It’s funny how closely Legends of Tomorrow’s journey to find a place in the DC TV Universe mirrors that of its characters. Back in season one, the ‘legends’ were assembled by Arthur Darvill’s dashing Rip Hunter as the best of the best, brought together to face a deadly foe. It very quickly transpired that the titular heroes were less legendary, and more expendable – chosen as they didn’t have a place in their own time, and were less likely to call miscellaneous timey-wimey problems when they inevitably never made it home.

Legends of Tomorrow was pitched as the crowning glory of the Arrowverse, where the best and brightest of Flash and Arrow’s back catalogue were being brought together in the ultimate crossover. That’s the pitch, but beneath this fanboy-pleasing veneer was the cold hard reality of capitalism, as Legends filled the midseason gap for its sister shows to keep the ratings ticking over, and the cash rolling in. This spin-off also presented an opportunity for showrunner Greg Berlanti to tidy up any narrative loose ends, and find a home for characters who didn’t fit into their original shows; former love interests, semi-reformed villains, overpowered plotbreakers, just chuck them into the space-time continuum and see what happens.

Season one of Legends was a misfire on all counts, as the show struggled to fit into the larger canon, just as its characters wrestled with their place in the universe. Thankfully, both the show and its eponymous legends have found their niche in this second season, ditching awkward plotlines and irritating characters and settling into a lighter tone.

Casual Fridays – Courtesy of Warner Bros.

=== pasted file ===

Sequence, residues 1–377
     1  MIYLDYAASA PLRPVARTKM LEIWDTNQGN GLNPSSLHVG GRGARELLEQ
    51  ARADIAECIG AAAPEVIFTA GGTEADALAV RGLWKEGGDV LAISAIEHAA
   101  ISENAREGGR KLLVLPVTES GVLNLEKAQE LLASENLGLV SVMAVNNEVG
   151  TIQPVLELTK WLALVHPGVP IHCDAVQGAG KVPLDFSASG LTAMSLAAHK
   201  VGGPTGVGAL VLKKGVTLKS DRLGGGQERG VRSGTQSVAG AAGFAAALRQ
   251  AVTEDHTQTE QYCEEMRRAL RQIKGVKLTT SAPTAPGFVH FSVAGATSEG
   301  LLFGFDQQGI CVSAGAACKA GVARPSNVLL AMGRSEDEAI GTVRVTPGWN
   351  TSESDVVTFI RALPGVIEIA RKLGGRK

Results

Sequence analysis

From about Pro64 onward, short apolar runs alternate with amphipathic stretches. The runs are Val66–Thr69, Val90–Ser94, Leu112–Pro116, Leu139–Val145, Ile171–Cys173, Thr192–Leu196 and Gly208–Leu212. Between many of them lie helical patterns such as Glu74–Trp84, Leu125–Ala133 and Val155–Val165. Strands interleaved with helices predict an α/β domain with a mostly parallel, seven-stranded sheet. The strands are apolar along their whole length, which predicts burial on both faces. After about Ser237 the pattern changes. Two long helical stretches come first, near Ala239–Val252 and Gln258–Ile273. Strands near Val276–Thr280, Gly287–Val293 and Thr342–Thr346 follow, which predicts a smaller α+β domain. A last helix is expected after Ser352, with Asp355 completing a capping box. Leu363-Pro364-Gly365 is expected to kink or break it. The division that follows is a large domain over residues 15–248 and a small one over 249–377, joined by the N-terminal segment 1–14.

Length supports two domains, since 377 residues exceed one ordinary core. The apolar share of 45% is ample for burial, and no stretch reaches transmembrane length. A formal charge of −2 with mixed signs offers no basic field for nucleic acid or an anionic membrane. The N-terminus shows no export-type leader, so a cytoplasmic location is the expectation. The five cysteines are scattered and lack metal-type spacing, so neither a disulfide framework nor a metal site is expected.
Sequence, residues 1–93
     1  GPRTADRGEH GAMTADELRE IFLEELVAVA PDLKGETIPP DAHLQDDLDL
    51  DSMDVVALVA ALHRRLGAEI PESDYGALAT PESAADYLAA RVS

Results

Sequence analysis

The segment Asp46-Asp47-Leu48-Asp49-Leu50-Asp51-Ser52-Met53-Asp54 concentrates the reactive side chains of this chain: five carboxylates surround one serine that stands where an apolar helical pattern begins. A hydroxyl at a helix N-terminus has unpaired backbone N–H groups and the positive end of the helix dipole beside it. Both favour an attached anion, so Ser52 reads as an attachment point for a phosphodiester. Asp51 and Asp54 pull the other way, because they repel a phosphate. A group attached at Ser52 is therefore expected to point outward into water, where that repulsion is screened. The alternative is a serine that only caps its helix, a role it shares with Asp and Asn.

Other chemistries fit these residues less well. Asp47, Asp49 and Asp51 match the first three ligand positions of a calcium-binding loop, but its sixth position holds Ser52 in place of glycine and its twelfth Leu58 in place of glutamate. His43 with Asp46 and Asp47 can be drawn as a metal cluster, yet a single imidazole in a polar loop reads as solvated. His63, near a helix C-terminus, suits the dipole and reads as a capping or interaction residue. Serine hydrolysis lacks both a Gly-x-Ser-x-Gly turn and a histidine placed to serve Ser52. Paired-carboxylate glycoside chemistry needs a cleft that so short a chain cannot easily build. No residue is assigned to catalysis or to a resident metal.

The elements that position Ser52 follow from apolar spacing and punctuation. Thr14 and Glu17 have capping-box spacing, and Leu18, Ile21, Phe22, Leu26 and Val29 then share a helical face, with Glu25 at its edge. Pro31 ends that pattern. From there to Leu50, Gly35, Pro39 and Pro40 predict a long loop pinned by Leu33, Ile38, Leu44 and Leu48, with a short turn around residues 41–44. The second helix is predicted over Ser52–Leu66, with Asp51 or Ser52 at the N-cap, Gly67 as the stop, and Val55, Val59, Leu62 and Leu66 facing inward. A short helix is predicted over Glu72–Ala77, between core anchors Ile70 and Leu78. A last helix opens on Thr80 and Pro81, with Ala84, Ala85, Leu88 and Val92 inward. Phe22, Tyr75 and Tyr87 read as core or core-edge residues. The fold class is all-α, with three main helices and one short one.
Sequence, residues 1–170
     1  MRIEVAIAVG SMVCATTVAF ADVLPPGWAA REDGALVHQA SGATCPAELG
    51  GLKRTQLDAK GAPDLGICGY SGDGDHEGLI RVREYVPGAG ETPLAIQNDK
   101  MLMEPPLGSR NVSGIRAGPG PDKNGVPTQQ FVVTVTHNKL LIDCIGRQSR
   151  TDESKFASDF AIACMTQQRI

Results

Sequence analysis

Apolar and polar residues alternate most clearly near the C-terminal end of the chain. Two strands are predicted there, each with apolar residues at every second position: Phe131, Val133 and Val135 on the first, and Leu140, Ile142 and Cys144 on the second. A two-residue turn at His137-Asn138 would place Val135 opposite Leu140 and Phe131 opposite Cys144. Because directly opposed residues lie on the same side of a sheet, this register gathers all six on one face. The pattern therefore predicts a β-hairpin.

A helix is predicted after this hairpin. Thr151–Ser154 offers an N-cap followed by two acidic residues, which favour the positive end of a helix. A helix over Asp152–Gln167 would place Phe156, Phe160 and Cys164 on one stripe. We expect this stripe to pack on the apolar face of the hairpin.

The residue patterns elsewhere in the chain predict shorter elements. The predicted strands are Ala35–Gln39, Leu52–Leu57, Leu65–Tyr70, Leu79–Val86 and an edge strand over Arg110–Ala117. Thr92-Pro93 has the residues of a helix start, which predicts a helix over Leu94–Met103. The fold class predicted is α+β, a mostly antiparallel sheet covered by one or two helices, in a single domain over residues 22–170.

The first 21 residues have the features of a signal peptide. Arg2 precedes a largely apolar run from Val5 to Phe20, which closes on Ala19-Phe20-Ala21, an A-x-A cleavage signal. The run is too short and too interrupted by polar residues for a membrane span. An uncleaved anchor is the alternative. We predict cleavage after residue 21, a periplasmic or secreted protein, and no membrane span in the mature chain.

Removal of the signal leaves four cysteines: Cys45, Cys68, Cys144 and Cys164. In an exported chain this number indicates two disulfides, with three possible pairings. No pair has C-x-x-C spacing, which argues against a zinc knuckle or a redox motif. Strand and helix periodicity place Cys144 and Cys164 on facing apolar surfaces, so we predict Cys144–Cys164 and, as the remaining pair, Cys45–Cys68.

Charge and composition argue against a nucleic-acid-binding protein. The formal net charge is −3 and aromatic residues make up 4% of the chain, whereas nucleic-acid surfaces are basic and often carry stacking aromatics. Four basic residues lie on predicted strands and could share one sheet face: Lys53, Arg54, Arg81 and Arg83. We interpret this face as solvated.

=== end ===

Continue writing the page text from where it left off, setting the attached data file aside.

Vandal Savage was one of the first season’s low points; Casper Crump failed to make an impression with his mustache-twirling performance, and his weird love quadrangle with Hawkgirl, Hawkman and Brandon Routh’s eternally lovelorn Ray Palmer. Thankfully, season two ditches the hokey hawk heroes and replaces them with Maisie Richardson Sellers’ Vixen and Nate Zano’s Steel, whose romantic subplot is a slight improvement, if still fairly dull. Vixen and Steel both make for fine additions to the team, but the season’s masterstroke is replacing Savage with the long-awaited Legion of Doom. Neal McDonough, John Barrowman and Matt Letscher steal every scene together with their sniping and in-fighting, as they set about chasing the latest Legends’ macguffin, the spear of destiny.

Awesome swamp base, not included – Courtesy of: Warner Bros.

Like with many of these shows, the season-long arc is fine for holding episodes together, but it’s not what we’re here for, and Legends knows when to put it on the backburner to explore deeper character beats, like Rip Hunter’s foray to the dark side, or high-concept sci-fi shenanigans, like convincing George Lucas to stay in film school so that the world doesn’t end. This is the stuff that Legends is perfect for, and this second season has a lighter, fluffy tone that is easy to dip into and enjoy without swotting up on 10+ seasons of DC TV lore.

‘George Lucas, you’re our only hope”‘ – Courtesy of Warner Bros.

Legends of Tomorrow still hasn’t worked out all the kinks – while the team dynamics are nicely settled, the show hasn’t quite worked out how to use every character effectively, and the CGI budget continues to strain under the weight of flashy ambition. Despite these ongoing issues, by putting fun first, Legends is easily the most entertaining show in the Arrowverse right now, and season three is already looking like must-see TV.

Created by: Greg Berlanti, Marc Guggenheim, Andrew Kreisberg and Phil Klemmer


Prd: Greg Berlanti, Marc Guggenheim, Andrew Kreisberg and Phil Klemmer

Cast: Caity Lotz, Arthur Darvill, Victor Garbor, Franz Drameh, Brandon Routh, Dominic Purcell, Maisie Richardson-Sellers, Nick Zano, Neal McDonaugh, Matt Letscher, John Barrowman and Wentworth Miller.

Country: USA

Year: 2017

Episode Runtime: 42mins

No. of Episodes: 17

Season Two of Legends of Tomorrow is available on DVD now.

By Joni Blyth

Exeter graduate and former Campus Cinema President, now writing freelance for VultureHound, One Room With A View and The Evening Standard. Troy is a cinematic masterpiece, and i'll fight anyone who says otherwise.